Tuesday December 19, 2006
I don’t think our much-travelled artificial Christmas tree is going to last beyond its present incarnation. It comes as a pole, you see, and a collection of branches all of which have individually to be hung from it, working from the bottom to the top. The branches are clad in smaller twiglets covered with with conifer needles and decorated with cones, all carefully arranged in descending size order. The whole, a masterpiece of metal and plastic design, creates a convincing illusion that you have a real tree in your living room, all ready to be decorated with lights, tinsel, and baubles of all kinds.
At least, that’s the theory.
Being fair, it hasn’t changed in any way since we bought it, perhaps eight or nine years back. If we’d kept the original box it’d all be very close to exactly as it was from the start.
No, what has changed over the years is Graham’s patience, which has worn to be dangerously thin with the fiddly darn thing.
“Let’s dump this one and buy something less like a Chinese puzzle box,” I urged as he pulled the dratted thing out of its big plastic bag one more time.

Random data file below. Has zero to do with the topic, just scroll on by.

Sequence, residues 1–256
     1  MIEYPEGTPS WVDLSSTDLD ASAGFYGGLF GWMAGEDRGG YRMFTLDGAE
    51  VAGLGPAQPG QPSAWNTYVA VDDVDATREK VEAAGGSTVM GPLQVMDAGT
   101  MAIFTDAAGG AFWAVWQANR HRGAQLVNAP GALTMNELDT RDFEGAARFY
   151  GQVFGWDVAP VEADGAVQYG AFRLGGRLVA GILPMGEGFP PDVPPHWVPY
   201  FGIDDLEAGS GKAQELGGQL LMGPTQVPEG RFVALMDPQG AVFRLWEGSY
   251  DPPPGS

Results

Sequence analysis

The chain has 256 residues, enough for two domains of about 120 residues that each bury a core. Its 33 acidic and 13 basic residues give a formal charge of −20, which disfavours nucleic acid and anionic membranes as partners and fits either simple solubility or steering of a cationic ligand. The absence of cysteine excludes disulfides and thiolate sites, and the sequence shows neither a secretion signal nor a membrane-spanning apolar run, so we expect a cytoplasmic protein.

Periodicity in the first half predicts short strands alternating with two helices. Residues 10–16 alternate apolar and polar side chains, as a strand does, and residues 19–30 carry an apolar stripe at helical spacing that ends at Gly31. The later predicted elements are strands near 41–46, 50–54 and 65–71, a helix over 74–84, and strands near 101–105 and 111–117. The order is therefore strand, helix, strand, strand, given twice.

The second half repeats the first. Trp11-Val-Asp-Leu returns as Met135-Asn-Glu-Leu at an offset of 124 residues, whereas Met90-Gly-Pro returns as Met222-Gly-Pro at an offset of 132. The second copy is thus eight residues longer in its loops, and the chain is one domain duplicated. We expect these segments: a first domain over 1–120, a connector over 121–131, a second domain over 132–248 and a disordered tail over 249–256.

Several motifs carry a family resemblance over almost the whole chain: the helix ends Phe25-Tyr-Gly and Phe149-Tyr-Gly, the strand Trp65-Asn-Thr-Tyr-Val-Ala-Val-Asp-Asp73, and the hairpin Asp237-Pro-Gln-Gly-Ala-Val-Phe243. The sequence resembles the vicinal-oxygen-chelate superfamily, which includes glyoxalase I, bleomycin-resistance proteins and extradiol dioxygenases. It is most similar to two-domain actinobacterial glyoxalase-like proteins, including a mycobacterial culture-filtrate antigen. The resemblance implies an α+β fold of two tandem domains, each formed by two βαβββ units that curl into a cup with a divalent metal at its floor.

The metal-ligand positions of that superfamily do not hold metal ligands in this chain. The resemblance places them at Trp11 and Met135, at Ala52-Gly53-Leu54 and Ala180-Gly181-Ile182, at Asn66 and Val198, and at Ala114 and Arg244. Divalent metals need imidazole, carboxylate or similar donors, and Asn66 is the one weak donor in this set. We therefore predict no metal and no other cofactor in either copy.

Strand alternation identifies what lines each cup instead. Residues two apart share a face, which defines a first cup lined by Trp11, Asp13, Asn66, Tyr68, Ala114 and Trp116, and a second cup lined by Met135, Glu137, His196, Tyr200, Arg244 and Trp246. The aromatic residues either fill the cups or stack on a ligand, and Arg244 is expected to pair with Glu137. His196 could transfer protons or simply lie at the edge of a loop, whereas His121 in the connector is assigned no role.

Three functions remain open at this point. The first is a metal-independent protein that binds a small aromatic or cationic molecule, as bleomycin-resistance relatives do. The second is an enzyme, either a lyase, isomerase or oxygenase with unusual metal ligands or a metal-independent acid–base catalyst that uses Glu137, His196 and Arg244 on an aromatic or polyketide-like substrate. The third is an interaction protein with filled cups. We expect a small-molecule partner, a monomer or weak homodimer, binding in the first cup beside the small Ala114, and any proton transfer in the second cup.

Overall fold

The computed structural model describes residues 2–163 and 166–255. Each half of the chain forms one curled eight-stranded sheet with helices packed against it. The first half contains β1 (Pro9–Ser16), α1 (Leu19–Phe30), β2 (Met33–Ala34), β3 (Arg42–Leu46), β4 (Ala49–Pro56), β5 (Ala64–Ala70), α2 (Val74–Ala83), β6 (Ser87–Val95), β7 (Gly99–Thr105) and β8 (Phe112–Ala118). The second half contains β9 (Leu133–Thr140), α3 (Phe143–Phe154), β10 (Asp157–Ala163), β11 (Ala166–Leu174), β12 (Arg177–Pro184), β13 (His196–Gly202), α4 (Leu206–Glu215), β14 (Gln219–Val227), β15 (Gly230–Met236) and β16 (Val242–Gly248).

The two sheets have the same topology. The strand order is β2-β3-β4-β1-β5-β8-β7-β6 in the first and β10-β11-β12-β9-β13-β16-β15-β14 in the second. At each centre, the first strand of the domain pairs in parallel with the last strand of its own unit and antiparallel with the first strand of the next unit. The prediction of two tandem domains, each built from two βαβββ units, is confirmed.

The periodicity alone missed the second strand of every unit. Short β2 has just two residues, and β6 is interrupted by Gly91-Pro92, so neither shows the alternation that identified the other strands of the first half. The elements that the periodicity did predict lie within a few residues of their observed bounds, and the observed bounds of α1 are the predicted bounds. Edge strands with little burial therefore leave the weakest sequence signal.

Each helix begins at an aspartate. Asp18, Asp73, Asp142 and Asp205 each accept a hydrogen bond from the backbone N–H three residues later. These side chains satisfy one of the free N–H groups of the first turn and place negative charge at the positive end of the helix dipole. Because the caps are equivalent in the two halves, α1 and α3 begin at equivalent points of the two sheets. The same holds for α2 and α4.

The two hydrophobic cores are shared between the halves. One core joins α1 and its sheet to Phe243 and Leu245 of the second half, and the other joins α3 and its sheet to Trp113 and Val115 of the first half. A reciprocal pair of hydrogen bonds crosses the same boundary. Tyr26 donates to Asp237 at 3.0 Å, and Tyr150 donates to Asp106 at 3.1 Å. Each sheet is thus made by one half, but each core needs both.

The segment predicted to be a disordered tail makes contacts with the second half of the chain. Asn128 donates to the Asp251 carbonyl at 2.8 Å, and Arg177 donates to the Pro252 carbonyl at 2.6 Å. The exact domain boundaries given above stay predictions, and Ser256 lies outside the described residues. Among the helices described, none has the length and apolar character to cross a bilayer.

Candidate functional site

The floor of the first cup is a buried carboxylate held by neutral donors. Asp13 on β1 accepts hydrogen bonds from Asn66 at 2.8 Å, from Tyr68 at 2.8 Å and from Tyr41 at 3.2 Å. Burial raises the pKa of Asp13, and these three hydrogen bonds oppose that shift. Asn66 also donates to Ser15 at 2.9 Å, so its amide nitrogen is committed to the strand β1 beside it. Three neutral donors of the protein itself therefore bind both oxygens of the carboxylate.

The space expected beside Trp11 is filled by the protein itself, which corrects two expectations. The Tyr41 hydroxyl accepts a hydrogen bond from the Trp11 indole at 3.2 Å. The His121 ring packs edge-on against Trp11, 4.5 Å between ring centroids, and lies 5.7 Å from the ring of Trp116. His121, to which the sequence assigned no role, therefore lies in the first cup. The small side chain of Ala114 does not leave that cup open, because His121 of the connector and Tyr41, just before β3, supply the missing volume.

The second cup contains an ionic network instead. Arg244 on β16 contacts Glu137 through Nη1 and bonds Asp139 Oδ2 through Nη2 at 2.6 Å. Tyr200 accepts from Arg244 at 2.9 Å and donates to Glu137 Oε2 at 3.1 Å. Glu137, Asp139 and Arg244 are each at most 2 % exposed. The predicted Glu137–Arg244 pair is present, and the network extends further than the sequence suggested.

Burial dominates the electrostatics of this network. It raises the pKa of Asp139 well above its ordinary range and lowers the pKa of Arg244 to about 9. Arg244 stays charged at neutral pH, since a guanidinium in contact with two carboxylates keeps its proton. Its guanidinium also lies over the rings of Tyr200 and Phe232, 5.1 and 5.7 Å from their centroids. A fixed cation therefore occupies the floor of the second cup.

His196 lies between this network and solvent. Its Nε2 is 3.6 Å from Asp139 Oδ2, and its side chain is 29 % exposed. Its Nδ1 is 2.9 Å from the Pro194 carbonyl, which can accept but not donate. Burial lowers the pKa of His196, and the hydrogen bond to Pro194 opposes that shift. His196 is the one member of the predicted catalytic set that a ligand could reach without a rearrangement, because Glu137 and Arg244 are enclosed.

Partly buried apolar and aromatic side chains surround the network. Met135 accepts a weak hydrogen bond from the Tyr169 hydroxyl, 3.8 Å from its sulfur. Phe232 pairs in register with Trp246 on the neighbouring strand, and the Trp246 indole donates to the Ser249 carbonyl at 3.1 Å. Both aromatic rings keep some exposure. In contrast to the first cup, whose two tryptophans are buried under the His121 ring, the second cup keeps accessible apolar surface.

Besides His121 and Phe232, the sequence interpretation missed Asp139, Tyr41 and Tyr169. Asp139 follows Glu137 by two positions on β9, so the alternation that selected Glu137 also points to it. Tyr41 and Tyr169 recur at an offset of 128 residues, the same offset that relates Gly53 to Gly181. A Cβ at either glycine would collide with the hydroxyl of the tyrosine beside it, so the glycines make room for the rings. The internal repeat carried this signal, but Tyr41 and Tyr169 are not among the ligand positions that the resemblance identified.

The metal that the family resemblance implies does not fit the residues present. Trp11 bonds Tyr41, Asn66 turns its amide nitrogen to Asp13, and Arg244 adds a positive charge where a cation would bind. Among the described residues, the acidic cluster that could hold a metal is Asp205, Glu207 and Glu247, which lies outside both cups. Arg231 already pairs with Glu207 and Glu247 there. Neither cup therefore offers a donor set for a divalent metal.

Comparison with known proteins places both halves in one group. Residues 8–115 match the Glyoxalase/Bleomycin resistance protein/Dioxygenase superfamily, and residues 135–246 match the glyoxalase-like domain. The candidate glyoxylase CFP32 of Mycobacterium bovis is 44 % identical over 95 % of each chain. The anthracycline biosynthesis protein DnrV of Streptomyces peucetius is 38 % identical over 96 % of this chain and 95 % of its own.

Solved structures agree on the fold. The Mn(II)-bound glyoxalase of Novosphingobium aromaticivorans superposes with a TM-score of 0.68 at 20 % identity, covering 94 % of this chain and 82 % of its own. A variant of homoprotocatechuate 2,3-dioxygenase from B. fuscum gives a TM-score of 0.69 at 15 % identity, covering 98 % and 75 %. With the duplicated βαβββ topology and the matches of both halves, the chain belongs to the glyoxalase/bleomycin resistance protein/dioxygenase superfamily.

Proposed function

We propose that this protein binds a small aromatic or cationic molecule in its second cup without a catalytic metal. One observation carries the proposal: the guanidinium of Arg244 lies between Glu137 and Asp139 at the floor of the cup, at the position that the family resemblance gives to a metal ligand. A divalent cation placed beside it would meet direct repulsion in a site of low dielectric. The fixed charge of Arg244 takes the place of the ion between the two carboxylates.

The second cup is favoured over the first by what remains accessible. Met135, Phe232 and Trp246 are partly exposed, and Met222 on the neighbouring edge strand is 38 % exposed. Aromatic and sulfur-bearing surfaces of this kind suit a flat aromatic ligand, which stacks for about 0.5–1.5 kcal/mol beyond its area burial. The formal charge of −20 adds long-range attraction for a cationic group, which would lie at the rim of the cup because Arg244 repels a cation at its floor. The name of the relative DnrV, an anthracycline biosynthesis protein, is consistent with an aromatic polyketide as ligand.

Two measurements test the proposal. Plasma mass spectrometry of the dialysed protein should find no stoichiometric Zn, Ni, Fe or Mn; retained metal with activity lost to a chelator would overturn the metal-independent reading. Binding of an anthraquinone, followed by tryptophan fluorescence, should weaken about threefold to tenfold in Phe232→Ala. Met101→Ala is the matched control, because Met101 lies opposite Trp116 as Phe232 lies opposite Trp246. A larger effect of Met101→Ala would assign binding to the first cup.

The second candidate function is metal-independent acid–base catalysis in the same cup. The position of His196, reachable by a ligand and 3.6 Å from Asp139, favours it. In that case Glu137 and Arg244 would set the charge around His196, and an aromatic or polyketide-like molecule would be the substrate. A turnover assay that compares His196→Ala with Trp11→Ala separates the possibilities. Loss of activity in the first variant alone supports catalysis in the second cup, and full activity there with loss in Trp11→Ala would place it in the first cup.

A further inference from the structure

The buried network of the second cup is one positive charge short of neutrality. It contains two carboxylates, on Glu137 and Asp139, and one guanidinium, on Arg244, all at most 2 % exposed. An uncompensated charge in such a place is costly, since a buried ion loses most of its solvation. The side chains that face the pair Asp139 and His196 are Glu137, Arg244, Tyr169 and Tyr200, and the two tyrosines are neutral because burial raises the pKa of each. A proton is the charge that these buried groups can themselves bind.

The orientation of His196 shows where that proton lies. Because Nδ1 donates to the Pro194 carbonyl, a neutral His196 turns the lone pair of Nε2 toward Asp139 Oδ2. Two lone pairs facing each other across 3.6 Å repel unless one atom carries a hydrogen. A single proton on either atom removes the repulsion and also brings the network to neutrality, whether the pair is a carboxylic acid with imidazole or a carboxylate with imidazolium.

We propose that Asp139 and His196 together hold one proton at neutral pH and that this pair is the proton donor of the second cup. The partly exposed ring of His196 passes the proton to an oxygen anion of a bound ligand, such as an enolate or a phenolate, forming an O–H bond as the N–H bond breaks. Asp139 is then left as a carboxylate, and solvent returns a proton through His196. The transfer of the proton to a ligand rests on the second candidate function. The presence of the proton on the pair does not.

“Can’t do that,” he said. “Not ecological. We’ll have to struggle on until we’ve had it for ten years.”
“We could pretend. We’ve had it for nearly ten years.”
“No we couldn’t. See how we feel when we take it down this time. But we really ought to use it one more time after this.”
“That’s silly. Don’t know why you torture yourself like this every year. There’s nothing ecological about Christmas anyway.”
“You may be right. Just pour me a glass of wine so’s I can gear myself up to this job.”
The first glass of wine didn’t help much, for the air was still very blue as the branches crept up the stump. By the end of the second glass the blue was fading, and I swear that by the end of the third he was mumbling Christmas carols to himself and smiling away. And he hates Christmas carols.
Anyway. The worst part of the job—erecting the darn thing and getting it straight—got done before we started on the giggle stage and when I suggested the actual dressing of the tree could wait until tomorrow, he didn’t argue. I reckon the wine treatment worked.
It begins with a stump
Which develops a skirt
And then a bodice